Tuesday, February 4, 2014

The results are in! (Deja vu edition)

I'm churning through the results and rubble of my participation in the 500 Word Challenge and, while I don't believe I'll need any charts and graphs, the repercussions are significant, perhaps even earth-shattering, to the degree that there is earth I'm standing upon.

I'm also wondering how everyone else did.

More to come.

Monday, January 20, 2014

A woman sitting on a bench, part 2

Another entry in the 500 Word Challenge, this is a direct continuation from here.

You cannot yet state precisely why this is. There is nothing outwardly striking about her appearance--no capes or clown shoes, no Capuchin monkey skittering across her shoulders, no harlequin scarf kiting across the breeze.

And yet, her appearance is that of someone singularly not belonging on a park bench.

Lolly tugs forward on her leash like she's concerned about missing her target heart rate; she has no patience for your slowing to speculate.

The shoes? Brown pumps. Likely not "brown" but rather "chocolate" or "mahogany" or "old growth forest" or some other proper color for a woman's shoe, but in any case not a sensible walk-in-the-park shoe.

Slacks and blouse leave a similar impression; this is someone dressed in the upper range of business casual, not someone who planned to sit on a park bench on a chilly, overcast morning. Were there any doubt, the incongruity of the coat settles it; this dingy white coat, a stoutly functional marshmallow that must dwell neglected on her closet's floor, surely was grabbed in desperation, a pivotal, decisive act altering the course of her morning.

This is a woman accustomed to driving from covered parking to covered parking, free from the imposition of weather; she keeps her expensive jacket hanging in the back of her car. She didn't take the time to fetch it.

A woman who composes herself with care has forsaken her appearance to grab what was likely the only available jacket in her wardrobe offering practical warmth. She chose this rather than take the time to change into appropriate park attire. She knew she needed to act on the moment--any delay, the inconvenience of changing, and her resolve would be gone. Again.

She's been thinking about something for a long time, then. And only today, this morning, has her fortitude prevailed. She came here to think. No, not only to think: to decide.

Again the feeling that you shouldn't be here. At the gazebo she sits, deeply engaged in an intimate, conflicted moment of decision. A woman sitting on a bench, standing on a razor's edge. You're walking straight at her, Lolly driving forward, the slavering hound and the unwashed oaf with the flamboyant walking sneakers. There are no detours.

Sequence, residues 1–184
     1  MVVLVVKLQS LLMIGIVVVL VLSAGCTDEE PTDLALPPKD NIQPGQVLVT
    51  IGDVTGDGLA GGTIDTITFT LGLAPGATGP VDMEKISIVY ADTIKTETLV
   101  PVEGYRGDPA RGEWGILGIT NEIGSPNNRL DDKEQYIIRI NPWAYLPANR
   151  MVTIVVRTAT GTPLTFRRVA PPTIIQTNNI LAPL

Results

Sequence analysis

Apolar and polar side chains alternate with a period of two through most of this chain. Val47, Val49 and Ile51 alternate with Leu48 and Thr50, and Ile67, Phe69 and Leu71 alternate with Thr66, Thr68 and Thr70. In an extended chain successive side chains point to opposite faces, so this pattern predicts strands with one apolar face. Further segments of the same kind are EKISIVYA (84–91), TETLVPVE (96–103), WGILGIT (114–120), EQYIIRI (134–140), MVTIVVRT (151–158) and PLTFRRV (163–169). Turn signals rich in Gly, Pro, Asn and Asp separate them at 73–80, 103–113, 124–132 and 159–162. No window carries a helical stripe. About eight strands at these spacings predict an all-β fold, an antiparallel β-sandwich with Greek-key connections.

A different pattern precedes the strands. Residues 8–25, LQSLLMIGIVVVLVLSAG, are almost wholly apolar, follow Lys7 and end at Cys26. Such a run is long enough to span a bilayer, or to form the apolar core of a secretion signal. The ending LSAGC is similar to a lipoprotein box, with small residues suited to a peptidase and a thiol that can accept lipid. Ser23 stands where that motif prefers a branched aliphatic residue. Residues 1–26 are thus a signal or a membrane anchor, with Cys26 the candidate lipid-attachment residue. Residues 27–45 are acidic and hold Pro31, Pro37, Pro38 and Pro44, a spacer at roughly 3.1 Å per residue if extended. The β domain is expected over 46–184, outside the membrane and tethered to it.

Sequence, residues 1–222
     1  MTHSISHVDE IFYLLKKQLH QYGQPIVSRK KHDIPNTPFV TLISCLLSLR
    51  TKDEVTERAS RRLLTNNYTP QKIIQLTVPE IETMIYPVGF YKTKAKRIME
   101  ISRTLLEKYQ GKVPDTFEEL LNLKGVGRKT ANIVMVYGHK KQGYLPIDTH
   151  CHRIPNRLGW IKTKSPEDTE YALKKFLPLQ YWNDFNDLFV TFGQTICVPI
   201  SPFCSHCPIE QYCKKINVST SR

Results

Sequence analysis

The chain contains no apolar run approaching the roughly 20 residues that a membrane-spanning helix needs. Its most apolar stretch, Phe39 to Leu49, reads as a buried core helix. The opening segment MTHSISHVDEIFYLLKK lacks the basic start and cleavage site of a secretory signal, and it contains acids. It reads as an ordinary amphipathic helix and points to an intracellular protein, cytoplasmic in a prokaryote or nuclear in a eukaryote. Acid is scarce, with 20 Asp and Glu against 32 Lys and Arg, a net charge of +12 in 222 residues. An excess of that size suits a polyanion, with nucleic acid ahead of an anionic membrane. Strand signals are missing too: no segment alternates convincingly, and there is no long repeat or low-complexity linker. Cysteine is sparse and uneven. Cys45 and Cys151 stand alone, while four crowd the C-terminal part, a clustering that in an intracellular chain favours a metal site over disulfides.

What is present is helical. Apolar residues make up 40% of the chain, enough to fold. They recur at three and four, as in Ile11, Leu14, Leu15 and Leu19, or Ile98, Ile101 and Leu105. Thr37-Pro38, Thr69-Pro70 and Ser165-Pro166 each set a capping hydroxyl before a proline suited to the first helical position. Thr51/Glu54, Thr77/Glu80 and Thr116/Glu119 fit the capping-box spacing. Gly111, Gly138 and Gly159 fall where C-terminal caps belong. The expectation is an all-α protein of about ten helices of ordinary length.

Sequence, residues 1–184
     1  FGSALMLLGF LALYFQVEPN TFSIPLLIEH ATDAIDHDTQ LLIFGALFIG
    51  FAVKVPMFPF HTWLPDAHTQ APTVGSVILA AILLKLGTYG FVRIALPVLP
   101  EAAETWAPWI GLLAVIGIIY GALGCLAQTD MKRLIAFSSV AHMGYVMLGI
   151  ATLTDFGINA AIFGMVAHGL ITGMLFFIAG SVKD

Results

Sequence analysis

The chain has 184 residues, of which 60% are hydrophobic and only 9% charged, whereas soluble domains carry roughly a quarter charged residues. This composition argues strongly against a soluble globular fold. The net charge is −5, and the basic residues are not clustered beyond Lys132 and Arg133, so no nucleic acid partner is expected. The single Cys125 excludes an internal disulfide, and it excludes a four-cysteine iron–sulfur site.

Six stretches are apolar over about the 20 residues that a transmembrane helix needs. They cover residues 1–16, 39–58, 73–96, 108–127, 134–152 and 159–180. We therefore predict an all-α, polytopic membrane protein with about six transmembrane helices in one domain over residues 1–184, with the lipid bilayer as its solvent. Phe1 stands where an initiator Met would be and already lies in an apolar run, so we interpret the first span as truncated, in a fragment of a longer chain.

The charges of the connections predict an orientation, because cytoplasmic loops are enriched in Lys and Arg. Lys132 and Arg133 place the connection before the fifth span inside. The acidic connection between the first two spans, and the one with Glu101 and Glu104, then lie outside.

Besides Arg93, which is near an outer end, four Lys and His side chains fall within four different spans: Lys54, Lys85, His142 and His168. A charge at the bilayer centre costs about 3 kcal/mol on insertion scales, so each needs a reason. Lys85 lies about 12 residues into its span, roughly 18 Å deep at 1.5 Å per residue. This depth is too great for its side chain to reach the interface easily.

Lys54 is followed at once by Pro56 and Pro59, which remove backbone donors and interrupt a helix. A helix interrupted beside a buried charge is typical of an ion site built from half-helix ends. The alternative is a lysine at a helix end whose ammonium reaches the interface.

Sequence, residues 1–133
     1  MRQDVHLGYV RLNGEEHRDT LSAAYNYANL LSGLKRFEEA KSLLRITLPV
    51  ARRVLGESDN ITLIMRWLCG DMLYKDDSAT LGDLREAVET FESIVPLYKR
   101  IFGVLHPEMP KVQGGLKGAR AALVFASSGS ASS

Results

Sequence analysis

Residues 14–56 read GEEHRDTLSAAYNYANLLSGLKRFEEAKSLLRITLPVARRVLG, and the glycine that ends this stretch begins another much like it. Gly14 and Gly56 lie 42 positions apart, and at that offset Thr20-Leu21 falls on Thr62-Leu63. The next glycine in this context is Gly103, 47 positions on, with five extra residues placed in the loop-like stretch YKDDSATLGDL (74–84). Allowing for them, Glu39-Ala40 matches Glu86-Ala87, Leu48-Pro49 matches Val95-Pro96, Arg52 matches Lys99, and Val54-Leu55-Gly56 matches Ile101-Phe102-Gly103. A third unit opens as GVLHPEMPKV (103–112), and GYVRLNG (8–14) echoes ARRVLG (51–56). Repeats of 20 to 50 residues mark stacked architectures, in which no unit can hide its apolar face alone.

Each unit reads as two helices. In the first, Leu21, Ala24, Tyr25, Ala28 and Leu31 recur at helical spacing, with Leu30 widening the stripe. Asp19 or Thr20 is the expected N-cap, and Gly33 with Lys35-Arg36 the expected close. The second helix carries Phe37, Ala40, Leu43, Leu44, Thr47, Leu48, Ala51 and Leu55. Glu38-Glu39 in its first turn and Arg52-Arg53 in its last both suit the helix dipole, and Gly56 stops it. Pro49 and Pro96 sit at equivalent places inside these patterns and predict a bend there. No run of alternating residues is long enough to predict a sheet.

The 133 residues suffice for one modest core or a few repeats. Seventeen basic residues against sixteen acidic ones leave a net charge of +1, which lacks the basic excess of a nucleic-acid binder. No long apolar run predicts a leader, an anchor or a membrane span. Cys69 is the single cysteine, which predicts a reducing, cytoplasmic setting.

What to do?

Plow resolutely forward? Avoid eye contact, hope Lolly doesn't park at the woman's knees? Hope your bit of antisocial behavior doesn't tip the scales of her decision?

You're closing fast.

Maybe pause to throw out a bit of Zen wisdom in passing? What was your last fortune cookie? "You will soon go on a long journey." That might work. But to what end? Do you dare disturb her universe?

Mere steps now.

Sit next to her on the bench and play social worker? Listen to her dilemma, steeple your fingers and bestow sage advice? "That must be hard," you'll say. Always a good opener. Listen carefully, then close with a coin flip?

We're here, and Lolly the friendly, huffing dog has stopped to sit at the woman's chocolate or mahogany or old growth forest shoes. Lolly isn't one to overthink matters, and she has decided that this woman needs a dog to pet.

Friday, January 17, 2014

500 word challenge update

Just a quick update, as the writing I've done of late has been offline. Yesterday I didn't hit 500 words, and what I did write I promptly scuttled. Some days that's for the best. I'll have something up during the long weekend, assuredly.

Tuesday, January 14, 2014

A woman sitting on a bench

The day broke dank and overcast, not a morning for walking your dog in the park, unless your dog was the sort of chocolate Labrador that, neglecting exercise, would routinely chew the windowsills off the wall during the lonely workday. Your dog, Lolly, is precisely that sort of dog, calmly gnawing your house like chewing tobacco and spitting the moist pulp into piles for your later collecting. Facing the choice between another weekend hammering down fresh molding or walking off your dog's destructive energy,you chose to log-roll out of bed and grab the leash.